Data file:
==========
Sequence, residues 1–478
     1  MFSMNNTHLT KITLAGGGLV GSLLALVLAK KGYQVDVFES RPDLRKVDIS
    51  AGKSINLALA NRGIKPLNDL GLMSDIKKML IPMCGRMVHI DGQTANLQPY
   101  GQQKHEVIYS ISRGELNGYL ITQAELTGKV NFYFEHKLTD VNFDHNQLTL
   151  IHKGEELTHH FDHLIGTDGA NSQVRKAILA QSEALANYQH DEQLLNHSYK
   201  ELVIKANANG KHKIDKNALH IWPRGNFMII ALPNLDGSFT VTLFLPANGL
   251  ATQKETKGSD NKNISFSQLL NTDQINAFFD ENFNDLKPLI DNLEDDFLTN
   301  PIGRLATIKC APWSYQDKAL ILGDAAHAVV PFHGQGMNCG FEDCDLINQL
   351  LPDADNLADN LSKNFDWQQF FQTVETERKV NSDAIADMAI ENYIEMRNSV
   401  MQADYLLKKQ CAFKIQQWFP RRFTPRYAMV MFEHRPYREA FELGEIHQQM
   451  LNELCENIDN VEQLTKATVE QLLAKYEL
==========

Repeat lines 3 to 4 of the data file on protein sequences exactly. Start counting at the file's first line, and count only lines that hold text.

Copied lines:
    51  AGKSINLALA NRGIKPLNDL GLMSDIKKML IPMCGRMVHI DGQTANLQPY
   101  GQQKHEVIYS ISRGELNGYL ITQAELTGKV NFYFEHKLTD VNFDHNQLTL